deciding presents are or were responsible.
4
Neville: Christianity and Time
12 Robert Cummings Neville
II.
.1
Thus true temporal human identity is
eternal, requiring that one eternally be the
one who as a youth had a wide-open future,
who as middle-aged was committed to a
way of life, and who as old was almost
wholly definite. 14
The actual structures of the three kinds
of dynamics and their interconnection may
not be as commonsense has them. Modem
physics suggests some structures that are
hard to imagine and perhaps counterintuitive. This abstract hypothesis about the
dynamics of the three modes of time allows
for anything that science might suggest as
time's structure relative to space, mass, and
motion.
What is the togetherness of the three
modes of time such that time flows? It
cannot be a temporal togetherness: the past
is not before the present, nor the future after.
Only the togetherness of the modes, ordered
by the linear order of dates whereby present
moments come to actualization, fixing the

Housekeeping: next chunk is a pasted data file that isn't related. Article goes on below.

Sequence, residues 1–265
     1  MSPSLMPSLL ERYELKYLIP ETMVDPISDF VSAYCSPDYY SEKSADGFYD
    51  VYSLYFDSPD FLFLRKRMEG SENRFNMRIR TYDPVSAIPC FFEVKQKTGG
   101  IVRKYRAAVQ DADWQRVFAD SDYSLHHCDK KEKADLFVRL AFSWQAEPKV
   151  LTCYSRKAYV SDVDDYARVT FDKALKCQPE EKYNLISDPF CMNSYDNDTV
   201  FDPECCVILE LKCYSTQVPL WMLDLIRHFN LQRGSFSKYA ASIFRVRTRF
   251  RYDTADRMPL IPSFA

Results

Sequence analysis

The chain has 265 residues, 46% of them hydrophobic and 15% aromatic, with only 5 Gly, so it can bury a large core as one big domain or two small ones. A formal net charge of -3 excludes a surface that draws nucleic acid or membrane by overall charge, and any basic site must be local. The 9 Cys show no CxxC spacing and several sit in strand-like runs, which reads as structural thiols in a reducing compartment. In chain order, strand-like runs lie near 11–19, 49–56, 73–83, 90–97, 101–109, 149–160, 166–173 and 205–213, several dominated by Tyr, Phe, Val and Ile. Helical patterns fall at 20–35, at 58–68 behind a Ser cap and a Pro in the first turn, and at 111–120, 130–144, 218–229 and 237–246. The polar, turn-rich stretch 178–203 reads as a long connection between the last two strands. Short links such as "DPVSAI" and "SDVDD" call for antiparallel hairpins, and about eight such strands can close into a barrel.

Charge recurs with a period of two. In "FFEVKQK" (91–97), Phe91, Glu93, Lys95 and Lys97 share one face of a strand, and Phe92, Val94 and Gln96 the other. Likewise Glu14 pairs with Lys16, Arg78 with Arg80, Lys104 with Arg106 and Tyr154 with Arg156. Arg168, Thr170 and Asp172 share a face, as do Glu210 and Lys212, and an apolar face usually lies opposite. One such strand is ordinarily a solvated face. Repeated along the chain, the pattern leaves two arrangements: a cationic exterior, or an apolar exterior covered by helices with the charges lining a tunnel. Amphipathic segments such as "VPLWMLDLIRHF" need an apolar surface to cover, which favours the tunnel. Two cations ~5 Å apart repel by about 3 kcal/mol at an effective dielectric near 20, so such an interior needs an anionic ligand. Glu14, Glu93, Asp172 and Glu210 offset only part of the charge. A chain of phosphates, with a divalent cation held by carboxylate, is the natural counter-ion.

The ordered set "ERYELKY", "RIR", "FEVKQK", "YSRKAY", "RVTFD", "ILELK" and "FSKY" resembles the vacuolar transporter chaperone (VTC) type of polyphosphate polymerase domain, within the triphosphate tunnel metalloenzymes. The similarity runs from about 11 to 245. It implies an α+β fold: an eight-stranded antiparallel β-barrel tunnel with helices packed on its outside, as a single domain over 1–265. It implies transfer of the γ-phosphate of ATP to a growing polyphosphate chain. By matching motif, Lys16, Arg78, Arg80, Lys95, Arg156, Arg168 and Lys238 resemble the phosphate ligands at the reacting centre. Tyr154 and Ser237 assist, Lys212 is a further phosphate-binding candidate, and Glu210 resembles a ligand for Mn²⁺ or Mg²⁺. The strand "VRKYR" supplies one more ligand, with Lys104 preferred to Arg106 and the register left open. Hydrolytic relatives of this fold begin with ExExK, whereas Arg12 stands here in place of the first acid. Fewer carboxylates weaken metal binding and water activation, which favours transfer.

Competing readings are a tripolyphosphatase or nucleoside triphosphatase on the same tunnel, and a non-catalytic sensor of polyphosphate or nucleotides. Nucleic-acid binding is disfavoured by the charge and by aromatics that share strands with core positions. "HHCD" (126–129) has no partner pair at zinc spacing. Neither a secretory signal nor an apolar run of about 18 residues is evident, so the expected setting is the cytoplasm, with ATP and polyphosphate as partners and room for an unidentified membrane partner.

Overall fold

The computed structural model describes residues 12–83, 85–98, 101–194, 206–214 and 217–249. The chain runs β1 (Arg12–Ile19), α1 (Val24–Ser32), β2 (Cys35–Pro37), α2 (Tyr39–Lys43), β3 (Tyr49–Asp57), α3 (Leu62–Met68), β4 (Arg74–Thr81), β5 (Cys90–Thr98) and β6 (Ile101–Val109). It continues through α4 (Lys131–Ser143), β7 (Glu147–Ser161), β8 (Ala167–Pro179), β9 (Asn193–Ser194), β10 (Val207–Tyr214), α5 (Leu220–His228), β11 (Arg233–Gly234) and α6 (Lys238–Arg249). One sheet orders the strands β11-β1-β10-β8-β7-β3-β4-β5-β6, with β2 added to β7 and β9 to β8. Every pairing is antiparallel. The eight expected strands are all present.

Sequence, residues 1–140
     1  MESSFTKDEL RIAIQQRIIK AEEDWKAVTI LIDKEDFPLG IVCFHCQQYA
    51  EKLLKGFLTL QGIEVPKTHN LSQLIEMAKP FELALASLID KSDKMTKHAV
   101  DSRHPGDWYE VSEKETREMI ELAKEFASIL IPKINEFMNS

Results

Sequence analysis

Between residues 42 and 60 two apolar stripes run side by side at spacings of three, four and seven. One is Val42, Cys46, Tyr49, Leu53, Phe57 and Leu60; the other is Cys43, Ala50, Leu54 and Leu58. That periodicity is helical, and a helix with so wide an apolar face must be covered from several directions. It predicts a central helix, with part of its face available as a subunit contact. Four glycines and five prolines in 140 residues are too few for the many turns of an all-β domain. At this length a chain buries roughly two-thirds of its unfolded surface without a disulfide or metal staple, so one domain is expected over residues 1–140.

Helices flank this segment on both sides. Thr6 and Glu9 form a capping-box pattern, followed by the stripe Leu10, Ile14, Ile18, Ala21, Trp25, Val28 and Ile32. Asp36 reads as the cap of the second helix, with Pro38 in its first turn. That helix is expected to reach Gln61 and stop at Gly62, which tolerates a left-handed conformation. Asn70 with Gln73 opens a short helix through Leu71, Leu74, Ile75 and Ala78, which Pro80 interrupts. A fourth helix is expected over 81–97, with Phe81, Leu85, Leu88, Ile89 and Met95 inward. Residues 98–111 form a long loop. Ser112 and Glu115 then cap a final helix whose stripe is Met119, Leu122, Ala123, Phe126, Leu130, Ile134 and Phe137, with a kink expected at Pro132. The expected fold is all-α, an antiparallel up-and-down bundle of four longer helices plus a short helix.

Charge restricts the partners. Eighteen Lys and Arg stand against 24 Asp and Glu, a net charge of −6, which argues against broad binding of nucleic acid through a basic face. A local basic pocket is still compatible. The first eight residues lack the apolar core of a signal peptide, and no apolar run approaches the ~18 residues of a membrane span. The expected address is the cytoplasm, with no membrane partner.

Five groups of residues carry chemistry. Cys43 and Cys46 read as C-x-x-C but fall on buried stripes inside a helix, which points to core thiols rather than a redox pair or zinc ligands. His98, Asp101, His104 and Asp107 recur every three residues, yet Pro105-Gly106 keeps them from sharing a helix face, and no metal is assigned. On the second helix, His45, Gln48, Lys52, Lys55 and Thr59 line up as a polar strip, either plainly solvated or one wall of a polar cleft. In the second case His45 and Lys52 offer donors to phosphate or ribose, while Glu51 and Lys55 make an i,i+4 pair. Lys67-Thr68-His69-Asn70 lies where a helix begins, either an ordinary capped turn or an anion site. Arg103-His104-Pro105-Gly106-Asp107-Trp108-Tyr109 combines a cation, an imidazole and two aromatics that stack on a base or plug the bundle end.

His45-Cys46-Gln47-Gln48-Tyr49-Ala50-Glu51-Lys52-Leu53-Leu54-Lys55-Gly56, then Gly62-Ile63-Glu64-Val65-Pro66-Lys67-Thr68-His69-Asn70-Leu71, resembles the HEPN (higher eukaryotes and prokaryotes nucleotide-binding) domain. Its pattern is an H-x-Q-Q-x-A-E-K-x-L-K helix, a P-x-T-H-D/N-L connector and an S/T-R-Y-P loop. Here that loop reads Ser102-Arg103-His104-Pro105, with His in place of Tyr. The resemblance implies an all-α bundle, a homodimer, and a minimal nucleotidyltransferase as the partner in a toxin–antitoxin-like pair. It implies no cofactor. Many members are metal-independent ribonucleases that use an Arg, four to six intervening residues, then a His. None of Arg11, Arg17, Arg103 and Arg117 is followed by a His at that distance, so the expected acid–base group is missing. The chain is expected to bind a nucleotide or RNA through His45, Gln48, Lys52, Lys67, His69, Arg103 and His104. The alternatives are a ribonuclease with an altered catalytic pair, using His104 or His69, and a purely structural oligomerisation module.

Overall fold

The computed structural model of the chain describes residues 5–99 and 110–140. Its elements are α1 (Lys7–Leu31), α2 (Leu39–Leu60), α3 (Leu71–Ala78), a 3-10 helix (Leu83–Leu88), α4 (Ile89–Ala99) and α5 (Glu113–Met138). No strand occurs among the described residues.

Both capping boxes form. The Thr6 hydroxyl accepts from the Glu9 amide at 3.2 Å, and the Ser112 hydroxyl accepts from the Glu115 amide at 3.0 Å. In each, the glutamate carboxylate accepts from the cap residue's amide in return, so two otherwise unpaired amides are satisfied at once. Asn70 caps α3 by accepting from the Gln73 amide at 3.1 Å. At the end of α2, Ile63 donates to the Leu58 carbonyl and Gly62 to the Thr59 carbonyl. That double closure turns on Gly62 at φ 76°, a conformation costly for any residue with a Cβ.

past and reordering the future, makes it
possible for some things to occur in time
before others, conditioning them. The linear
order of dates and simultaneity are complicated notions in modem physics; but
however the causation works, temporal flow
can be understood according to this
hypothesis.
_
Rather, the togetherness of the modes
of time is eternity.15 What we ought to mean
legitimately by eternity is the togetherness
of the temporal modes. Eternity need not be
conceived to be static, which is how most
modems would represent it, as if it were a
form (an "eternal object" is Whitehead's
phrase). Rather it is the inclusive composite
dynamism of the three kinds of dynamism
that make time possible - growing past,
creative present, and shifting formal future.
Christians arguing for divine creation
can conceive the eternity within which time
flows as the terminus or result of the divine
creative act. 16 The act itself is not in time,
because it creates time. The act is singular,
encompassing not only all things, but all
dates of all things, within its complex
nature. As the medievals saw, God so
conceived does not have any potentials that
Published by Digital Commons @ Butler University, 1999
are unactualized because all actualizations,
finite creative acts, and possibilities are the
result of the divine creative act. But as the
ancient Christians saw, God is fully alive,
containing all changes within the divine
actuality. The divine life is not like our lives,